Cell & Gene Therapy (CGT) has its roots in the second half of the 20th century. At this time, researchers started to discover the immense potential of incorporating DNA sequences into patients’ cells for treating people with genetic disorders.
However, it was necessary to wait until the beginning of the 1990s to launch the first gene therapy trial on humans. During this time, it was possible to better understand the immunogenicity and integration patterns of viral vectors. Technology was progressively improved, and delivery mechanisms were optimised: advancements included new chemistry, manufacturing, controls regulations and accuracy of oligo synthesis.
Ever since, the implementation of CGT has been growing, embracing other diseases beyond the genetic illnesses, and enabling the first wave of clinical success.
CGT was conceived with a specific focus on rare diseases, which remains paramount since patients have generally been underserved by other, more traditional, therapeutic modalities. Nevertheless, much of the early-stage CGT pipeline is in oncology. As of September 2019, roughly 25 % of the overall CGT in phases I and II of the pipeline is oncology focused. These oncology-directed therapies are competing with more traditional modalities and are called to prove their sustainability and increased cost-effectiveness.
Focusing on gene therapy itself, in 2018 alone more than 150 trials for new medicines applications were filed. The market of CGT is expected to meaningfully grow, with up to 20 CGT approvals per year over the next five years.
Traditionally, innovation and development in gene therapy have been led by small biotech companies or research universities, especially in London, Boston, and Shanghai – and secondly in San Francisco, Basel, and Cork. These start-ups have been seeking and finding partnerships with large pharma companies or specialized entities for CGT. In fact, 90% of CGT development is currently ensured by companies with fewer than 500 employees. Fostered by copious fundings, these biotechs have succeeded in deploying various clinical programs across diverse therapeutic areas.
The last trends show that, along with the increasing maturity of the technology behind the therapies, large groups in biopharma are shifting through a new paradigm. In fact, they are proving an unprecedented interest in owning the most cutting-edge technologies, instead of partnering. Two examples are telling: between 2018 and 2019, Novartis and Roche acquired respectively the start-ups Avexis (for $8.7 billion) and Spark (currently in negotiation for $4.3 billion).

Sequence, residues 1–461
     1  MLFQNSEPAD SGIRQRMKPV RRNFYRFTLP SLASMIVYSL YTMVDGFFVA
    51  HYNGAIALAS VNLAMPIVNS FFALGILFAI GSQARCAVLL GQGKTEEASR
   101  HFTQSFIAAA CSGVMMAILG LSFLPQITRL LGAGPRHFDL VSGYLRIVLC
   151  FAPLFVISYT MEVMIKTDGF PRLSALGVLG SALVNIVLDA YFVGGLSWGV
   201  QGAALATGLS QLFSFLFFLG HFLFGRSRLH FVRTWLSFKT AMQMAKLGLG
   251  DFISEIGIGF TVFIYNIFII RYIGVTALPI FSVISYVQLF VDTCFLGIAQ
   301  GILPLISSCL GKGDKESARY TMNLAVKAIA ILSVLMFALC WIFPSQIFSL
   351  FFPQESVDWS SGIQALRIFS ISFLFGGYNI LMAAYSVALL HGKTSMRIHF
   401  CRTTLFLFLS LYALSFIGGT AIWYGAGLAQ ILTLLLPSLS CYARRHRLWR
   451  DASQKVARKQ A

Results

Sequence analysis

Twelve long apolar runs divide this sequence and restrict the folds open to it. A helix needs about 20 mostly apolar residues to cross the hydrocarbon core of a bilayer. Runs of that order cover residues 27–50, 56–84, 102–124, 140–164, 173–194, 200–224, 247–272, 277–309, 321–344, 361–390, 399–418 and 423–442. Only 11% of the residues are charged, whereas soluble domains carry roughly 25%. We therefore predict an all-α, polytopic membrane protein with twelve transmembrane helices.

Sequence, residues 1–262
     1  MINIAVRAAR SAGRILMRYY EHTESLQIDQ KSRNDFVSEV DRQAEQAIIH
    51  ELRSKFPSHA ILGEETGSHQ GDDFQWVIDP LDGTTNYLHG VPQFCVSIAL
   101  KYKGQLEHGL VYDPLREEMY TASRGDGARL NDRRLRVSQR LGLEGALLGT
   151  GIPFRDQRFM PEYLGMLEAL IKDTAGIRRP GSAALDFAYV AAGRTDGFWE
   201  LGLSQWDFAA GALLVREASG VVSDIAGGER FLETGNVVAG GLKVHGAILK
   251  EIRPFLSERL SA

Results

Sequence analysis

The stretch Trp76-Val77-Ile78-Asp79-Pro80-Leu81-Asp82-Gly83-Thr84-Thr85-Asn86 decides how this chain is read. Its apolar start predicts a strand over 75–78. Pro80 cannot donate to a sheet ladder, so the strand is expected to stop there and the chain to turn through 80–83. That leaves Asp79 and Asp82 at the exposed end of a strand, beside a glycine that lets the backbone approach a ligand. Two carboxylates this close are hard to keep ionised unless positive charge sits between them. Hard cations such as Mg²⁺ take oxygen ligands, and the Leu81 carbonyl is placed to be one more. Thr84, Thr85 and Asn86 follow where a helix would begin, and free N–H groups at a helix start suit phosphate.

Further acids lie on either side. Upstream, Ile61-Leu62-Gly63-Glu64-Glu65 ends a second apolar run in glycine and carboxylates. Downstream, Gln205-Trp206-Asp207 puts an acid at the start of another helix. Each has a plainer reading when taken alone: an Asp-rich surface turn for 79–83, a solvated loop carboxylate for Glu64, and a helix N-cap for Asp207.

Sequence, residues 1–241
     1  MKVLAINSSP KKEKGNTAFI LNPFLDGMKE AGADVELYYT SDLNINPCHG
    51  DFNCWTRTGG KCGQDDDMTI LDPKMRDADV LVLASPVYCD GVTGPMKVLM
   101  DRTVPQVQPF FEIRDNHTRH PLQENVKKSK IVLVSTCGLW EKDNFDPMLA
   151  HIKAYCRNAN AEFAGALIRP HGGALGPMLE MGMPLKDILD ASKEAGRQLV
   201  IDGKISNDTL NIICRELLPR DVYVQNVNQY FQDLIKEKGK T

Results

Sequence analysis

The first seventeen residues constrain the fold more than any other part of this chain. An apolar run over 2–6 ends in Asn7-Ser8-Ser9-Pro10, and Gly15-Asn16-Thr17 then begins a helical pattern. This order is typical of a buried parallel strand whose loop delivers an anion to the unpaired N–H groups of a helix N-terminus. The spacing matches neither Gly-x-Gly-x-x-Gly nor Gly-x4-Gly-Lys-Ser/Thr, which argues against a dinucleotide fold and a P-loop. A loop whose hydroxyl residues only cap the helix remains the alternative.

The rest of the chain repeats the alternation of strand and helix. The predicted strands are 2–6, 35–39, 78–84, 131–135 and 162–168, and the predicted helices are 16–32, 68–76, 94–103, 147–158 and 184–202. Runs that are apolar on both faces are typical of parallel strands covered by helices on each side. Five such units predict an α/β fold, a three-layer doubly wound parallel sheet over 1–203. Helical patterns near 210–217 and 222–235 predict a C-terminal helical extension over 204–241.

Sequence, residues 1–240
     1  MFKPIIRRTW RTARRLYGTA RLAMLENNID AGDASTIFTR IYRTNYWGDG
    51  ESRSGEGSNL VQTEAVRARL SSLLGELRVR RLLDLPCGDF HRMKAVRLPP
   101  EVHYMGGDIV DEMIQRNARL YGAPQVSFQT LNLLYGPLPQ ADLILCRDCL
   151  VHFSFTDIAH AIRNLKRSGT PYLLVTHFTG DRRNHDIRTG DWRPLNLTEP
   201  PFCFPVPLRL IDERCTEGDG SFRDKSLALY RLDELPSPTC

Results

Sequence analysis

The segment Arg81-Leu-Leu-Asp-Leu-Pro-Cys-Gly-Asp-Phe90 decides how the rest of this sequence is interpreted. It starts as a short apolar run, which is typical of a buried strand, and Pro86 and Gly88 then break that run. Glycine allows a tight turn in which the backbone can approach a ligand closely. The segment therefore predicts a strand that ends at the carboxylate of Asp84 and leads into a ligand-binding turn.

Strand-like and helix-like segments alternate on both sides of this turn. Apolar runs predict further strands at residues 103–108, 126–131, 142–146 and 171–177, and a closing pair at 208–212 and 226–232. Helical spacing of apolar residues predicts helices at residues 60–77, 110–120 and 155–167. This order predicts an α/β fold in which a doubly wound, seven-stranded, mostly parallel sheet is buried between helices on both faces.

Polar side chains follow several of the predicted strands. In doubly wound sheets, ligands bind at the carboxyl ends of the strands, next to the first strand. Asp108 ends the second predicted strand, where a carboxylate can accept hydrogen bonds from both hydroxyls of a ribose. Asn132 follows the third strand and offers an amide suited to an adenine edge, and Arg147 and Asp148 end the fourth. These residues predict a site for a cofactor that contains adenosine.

More generally, companies that have recently acquired CGT assets have carried on different business models according to the circumstances. Some of them prefer not to integrate the CGT technological resource, with the aim to avoid potentially harmful continuous efforts to deploy it. Others, which tend to include the new asset, prefer to externalise specific commercial functions (such as patient engagement, site operations, and market access). In almost all cases, the model evolves over time, and lessons and results from CGT are increasingly incorporated into parent organizations.
Therefore, acquisitions are strategic for facing the most significant challenges in the sector. Such an approach allows for fostering research and development in CGT, which remains key for this branch of biopharma. In fact, since CGT is constantly embracing new fields of technology, knowledge on the subject is potentially enormous and the possibility of discovering something huge is tangible. Biopharmaceutical groups have invested several billion dollars in science, technological tools, and clinical trials – a necessary step before generating their first revenues.
In this sense, it becomes crucial to combine the effectiveness of the products with the coverage of the amplest number of patients. All that, of course, while ensuring that the ROI in manufacturing is sufficient enough and even more sustainable for the future.
Since the beginning of the COVID-19 pandemic, efforts have been made through this ambition. According to an analysis conducted by Roland Berger, sales are expected to considerably rise, with gene therapy predicted to bring in 17.2 billion euros by 2026, and cell therapy 10.7 billion euros.
In order to fulfil these expectations, the biopharma industry is already implementing a new strategy. It is paramount to be prepared not only from a scientific point of view but also according to an optimised perspective in terms of organization and production.
Adapting to the characteristics of CGT implies an innovative and different supply chain, from the use of digital technology and data collection to manufacturing and delivery, making sure that these therapies become a complete success.
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